Many people are highly ambivalent about stopping use. Even when they already derive less pleasure from using, they still turn to drugs to manage their emotions and relieve stress. In contrast, the family is usually in action phase, seeing all the downsides of compulsive drug use and being more than ready for an immediate intervention. This discrepancy can drive the addicted person to protect their addiction or maintain that the addiction is only the perception of the people around them. This can cause the family to focus entirely on the drug use as the problem, ignoring their contribution to the evolution of the drug use and perpetuation of the cycle. Both sides dig in. This dynamic blocks everyone from feeling and exploring their own ambivalence and grief. In place come shame and rage, resentment and name-calling. The interpersonal interactions get lost and the addicted person is labeled as being ‘in denial.’ This is a simplistic and dismissive label that shuts down collaboration. This makes it even harder to engage the person in treatment.
While it may be too strong to say that drug use is caused by family relationships, they exert a huge influence. Warm, positive, encouraging and open relationships encourage cohesiveness and permit discussion of worrisome behaviors. In contrast, strained, angry or weak connections can foster avoidance behaviors like drug use. Once established, the drug habit and associated alienation and impulsive thoughtlessness of the addicted individual acts like acid on the bonds that hold families together. It destroys relationships and corrodes the values and shared experiences that typically bind family members. In such a fragmented state, it can be nearly impossible for any single family member to exert a positive influence on the addicted member to seek treatment.
An important frame to understand relationships in and between the individual and his or family is the attachment lens. A user may be (or become) avoidant, withdrawing from their alcohol or drug use. Often this is to fend off unbearable feelings of rejection, guilt or aloneness. However, the effect on caring others is often contrary to their wishes, in that they may become anxious and pursue the withdrawn person, which can feel nagging or punitive.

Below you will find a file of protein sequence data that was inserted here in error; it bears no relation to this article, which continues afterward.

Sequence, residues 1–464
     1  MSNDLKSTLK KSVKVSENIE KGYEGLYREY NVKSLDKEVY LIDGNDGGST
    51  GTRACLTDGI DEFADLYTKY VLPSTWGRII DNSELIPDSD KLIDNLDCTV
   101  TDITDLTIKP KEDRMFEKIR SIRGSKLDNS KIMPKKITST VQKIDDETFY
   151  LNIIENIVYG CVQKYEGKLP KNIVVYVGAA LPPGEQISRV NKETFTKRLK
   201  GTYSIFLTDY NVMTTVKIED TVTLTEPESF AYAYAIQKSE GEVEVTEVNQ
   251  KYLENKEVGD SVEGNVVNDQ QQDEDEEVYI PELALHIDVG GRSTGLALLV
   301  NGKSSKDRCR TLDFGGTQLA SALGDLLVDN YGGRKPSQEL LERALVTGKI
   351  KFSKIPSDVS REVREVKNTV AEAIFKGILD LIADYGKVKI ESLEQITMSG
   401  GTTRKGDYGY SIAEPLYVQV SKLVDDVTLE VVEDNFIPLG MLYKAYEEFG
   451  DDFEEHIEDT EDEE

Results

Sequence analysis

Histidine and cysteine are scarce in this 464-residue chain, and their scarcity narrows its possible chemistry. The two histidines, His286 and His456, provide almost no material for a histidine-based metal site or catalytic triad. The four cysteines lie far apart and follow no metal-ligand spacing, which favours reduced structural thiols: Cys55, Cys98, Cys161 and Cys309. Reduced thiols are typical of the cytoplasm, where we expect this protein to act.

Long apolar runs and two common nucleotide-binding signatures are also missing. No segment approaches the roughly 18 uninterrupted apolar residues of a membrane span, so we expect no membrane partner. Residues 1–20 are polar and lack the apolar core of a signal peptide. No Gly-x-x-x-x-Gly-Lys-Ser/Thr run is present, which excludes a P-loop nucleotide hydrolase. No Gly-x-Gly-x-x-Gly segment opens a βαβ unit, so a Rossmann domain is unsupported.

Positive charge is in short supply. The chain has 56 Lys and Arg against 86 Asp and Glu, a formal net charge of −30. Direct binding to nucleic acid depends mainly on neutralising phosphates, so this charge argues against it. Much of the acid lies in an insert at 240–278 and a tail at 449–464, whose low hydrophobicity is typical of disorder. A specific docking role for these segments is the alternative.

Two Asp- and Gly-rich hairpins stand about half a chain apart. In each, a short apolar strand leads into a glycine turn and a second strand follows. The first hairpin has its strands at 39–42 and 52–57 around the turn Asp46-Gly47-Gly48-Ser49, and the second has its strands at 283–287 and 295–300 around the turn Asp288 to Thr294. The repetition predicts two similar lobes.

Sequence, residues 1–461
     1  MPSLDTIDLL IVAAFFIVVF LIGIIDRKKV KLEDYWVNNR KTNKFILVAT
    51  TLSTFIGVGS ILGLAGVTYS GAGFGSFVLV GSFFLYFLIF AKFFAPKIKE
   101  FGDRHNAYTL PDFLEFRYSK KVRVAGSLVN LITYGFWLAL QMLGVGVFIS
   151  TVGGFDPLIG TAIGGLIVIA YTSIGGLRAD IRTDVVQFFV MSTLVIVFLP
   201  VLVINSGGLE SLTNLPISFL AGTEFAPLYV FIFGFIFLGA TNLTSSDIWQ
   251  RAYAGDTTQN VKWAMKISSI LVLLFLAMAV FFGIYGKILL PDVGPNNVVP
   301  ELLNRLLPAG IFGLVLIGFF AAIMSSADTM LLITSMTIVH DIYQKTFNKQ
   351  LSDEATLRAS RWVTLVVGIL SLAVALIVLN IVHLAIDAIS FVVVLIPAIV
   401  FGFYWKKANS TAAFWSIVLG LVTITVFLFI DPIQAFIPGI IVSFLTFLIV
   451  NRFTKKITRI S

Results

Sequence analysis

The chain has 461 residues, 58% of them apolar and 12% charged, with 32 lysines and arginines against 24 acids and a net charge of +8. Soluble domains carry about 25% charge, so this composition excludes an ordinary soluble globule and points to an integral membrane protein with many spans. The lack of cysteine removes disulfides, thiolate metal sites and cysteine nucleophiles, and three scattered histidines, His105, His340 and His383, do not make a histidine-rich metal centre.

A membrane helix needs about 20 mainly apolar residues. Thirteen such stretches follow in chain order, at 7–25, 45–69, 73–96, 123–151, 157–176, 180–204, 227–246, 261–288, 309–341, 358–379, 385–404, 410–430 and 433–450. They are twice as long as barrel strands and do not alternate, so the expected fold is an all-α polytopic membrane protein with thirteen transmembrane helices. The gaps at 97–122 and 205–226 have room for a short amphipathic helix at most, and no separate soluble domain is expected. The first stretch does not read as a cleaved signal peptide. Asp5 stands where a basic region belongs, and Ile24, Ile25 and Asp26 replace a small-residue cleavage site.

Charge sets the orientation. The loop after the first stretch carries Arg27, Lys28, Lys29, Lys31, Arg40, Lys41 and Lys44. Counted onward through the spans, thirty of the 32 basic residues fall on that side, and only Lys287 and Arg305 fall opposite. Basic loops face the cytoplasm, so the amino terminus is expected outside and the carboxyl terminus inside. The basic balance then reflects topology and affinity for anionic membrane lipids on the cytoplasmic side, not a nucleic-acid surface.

Other times the alcohol or drugs may make the person more demanding and connection-seeking, though in a maladaptive way. They may be clingy, desperate, aggressive or demanding – for the duration of intoxication perhaps. This might drive the other away, causing them to withdraw, thus perpetuating the cycle. Often, the cycle becomes disorganized so that people switch between anxious and avoidant attachment styles, between pursuing and withdrawing. Eventually, both parties may get exhausted and burn out, both withdrawing in different ways – to other sides of the bed, to affairs, or their drugs. Different family members may take different roles – one being anxious and desperately imploring, the other aloof, punitive and protective.
Community Reinforcement Approach – Family Training (CRAFT)
One treatment option has been proven to be highly effective in bringing addicted individuals to therapy, keeping them in the program, and helping family members assist them in reaching their goals. The program is called CRAFT, which stands for Community Reinforcement Approach – Family Therapy.